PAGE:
Most of the SLPs that I know use children's story books in therapy. They're such a great tool for working on just about any goal! I'd say it would be a rare week for me to not use at least one book in therapy. So, I decided to share my Book of the Week!
This week, we are reading "Apple Trouble" by Ragnhild Scamell and Michael Terry. In this story, a cute little hedgehog (have I mentioned that I have a strange affinity for hedgehogs?) has just finished building a nest under an apple tree when an apple falls on her back and gets lodged on her spines. With the apple on her back, she can no longer fit in her new nest. Hedgehog meets a few animals in her quest to remove the fruit and, in the process, ends up with all sorts of items stuck on her (a juicy red apple, three brown nuts, a small green pear, a crumpled brown leaf, a colorful piece of paper, a pink water lily, and four ripe blackberries). In the end, she meets a goat who eats the items off her back (with the exception of the leaf) and she can finally return to her nest.
What I LOVE about this story:
Well, really everything! Did I mention my love of hedgehogs? Also, the pictures are great (although most of my kids think the goat is a sheep). The vocabulary: "juicy" red apple, "crumpled" brown leaf, plus sentences like this: "hedgehog pattered over to the pond and gazed at her reflection in the water." There is a message of cooperation and helping others. Best of all, it keeps the attention of the children and they all love the story!
How I use it in therapy:
This book really lends itself to my in-class groups, so I use it there. I'm sure it would work well in small pull-out groups as well. I have this cute little hedgehog stuffie I found last summer on vacation in New Hampshire. I show it to the kids and ask if they know what kind of animal it is. I usually get a very adamant, "Porcupine!" When I tell them that it's not a porcupine, I get less sure answers: "Skunk?" "Raccoon?" "Groundhog?" Then repeats of the aforementioned animals until I tell them that it's a hedgehog.
We then talk about the differences between hedgehogs and porcupines. I keep this basic because I'm typically dealing with preschoolers with this story. Porcupines are big, hedgehogs are tiny. Porcupines can shoot their quills to protect themselves, hedgehogs roll into a ball. I show them photos of an actual hedgehog. I have some from a birthday party I attended (thank you Alyssa and Aiden!), but you can probably find some decent ones online, like the ones below. I like using pictures with a person's hand in it so the children can understand how big a hedgehog is. If I show a hedgehog along without any contextual cues, kids think they are large animals.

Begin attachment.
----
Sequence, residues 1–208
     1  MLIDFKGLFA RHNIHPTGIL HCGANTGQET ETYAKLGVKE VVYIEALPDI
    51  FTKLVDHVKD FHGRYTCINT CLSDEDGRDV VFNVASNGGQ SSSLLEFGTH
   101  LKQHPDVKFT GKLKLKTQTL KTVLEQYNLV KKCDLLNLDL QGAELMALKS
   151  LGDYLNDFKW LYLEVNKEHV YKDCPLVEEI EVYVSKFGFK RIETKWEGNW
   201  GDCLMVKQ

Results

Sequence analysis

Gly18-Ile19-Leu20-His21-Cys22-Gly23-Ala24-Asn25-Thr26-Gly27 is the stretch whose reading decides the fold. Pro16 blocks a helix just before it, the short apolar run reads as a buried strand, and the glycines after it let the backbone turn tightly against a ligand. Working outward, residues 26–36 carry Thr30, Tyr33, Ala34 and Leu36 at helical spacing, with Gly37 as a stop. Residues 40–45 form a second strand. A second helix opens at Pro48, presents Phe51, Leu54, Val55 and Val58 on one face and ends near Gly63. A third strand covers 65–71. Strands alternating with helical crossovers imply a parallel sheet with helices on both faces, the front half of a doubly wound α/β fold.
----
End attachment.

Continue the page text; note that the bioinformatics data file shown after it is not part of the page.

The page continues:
Then I read the story (I know, this was probably implied!). I drew a hedgehog on a large poster board and made the story props with a die-cut machine at my school. As I read the story, I (or the kids, depending on the size of the group) add the objects to the hedgehog poster, then remove them as the goat eats them.
After the story is over, I ask comprehension questions and have the students retell the story with the props.
IEP Objectives Targeted:
Vocabulary (animals, adjectives, synonyms, categories)
Sequencing (order of items that fall on hedgehog)
Retelling a story in sequence
Answering comprehension questions about a story
Exclusion (goat eats all items except the leaf)
Articulation: I have a few students working on /l/, so we worked on: apple, leaf, lily, silly, etc.
Do you use this book as well? What other activities do you do with it?
Update: I love this book so much that I created a book companion, which is available in my Teachers Pay Teachers Store.